They're often amazed at the wealth of answers they get. To underscore the point, I show them a screenshot of a status update that read simply "Help!" It got a "What's wrong?" within minutes. At the professional level, though, the ability to mobilize social networks is at play at forward-thinking newspapers and stations around the country. Check out the Oregonian's Facebook page. Amid the straightforward story posts are those that query readers ("How will the plastic bag ban affect you?") and even invite them to assist ("Are you using Google+? Let us know what you think!").

Developing a connective skillset is vital for any budding journalist (as well as the sprouted and bloomed ones), but it's important not to let the technology blind you to the principles. At the end of the day, to do connectivity right, you've got to focus on several key objectives:

  1. Learn the apps, but focus on the skills
  2. Use social media connectivity to follow, forge, synthesize and mobilize
  3. Teach to participate, not just take
  4. Find the journalism

Any new technology will draw apostles and detractors, but principled users define what can be done with that technology. Play with it. Break it. Have your students do the same. If you base your teaching on what the outcome is (great journalism and mass communication), it shouldn't matter what the tools are.

Now get out there and find your own cat people.

Bob Britten is an assistant professor in the P.I. Reed School of Journalism at West Virginia University. You can see or steal his course readings, assignments, and other ephemera at, and you can follow the course conversation on Twitter at #WVUblogJ.

[1] Strictly speaking, this is an incorrect term. The student in question once referred to another writer on her blogroll as a "catblogger" and was politely informed that the term is only used if the blog is written from the perspective of the cat. Every group has its jargon. (Return)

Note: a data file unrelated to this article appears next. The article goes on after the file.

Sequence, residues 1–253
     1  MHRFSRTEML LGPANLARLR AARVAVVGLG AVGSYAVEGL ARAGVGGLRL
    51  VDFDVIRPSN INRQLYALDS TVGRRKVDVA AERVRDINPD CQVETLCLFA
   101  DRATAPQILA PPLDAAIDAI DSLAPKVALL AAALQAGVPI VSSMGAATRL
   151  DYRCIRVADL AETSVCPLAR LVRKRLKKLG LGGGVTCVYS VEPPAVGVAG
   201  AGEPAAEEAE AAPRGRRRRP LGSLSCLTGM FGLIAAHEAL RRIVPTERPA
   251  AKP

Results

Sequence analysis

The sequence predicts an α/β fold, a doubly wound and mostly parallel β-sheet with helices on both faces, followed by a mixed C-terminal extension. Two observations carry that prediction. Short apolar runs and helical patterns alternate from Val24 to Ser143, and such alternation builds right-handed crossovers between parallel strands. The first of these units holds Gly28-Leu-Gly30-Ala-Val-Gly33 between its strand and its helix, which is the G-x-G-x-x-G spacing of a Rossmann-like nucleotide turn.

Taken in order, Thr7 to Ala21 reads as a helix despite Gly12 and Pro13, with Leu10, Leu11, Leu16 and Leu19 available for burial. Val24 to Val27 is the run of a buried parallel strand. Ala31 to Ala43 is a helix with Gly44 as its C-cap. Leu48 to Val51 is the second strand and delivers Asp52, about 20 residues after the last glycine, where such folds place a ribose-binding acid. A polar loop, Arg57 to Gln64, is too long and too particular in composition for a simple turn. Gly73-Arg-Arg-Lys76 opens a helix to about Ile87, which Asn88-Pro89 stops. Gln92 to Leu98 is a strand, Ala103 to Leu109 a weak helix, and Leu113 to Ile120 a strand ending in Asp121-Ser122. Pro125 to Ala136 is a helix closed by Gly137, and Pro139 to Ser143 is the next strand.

Conferences, Training, and Calls for Papers (Return to top)

International Conference on Communication, Media, Technology and Design Istanbul
May 9-11


International Association for Literary Journalism Studies 7th International Conference Toronto
May 17-19


International Communication Association conference
May 24-28


11th Annual Hawaii International Conference on Social Sciences
May 30-June 2


International Symposium on Language and Communication
Izmir, Turkey
June 10-13


11th Annual Convergence and Society Conference: Advancing Business Journalism and Convergence
University of South Carolina, Columbia, S.C.
Deadline to submit research papers: June 15
Conference: September 27-28


Annual Conference, Association of Education in Journalism and Mass Communication
August 9-12


Publisher and Editorial Staff

The Convergence Newsletter is free and published by The College of Mass Communications and Information Studies at the University of South Carolina.

Executive Editor: Doug Fisher

Editor: Christopher Frear

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The Convergence Newsletter provides an editorially neutral forum for discussion of the theoretical and professional meaning of media convergence in all forms including technological, organizational, operational, psychological, and sociological. We welcome articles of all sorts and encourage those addressing the subject in new ways and with new perspectives. We also accept news briefs, book reviews, calls for papers and conference announcements. Our audience is both academic and professional; the publication style is AP for copy and APA for citations.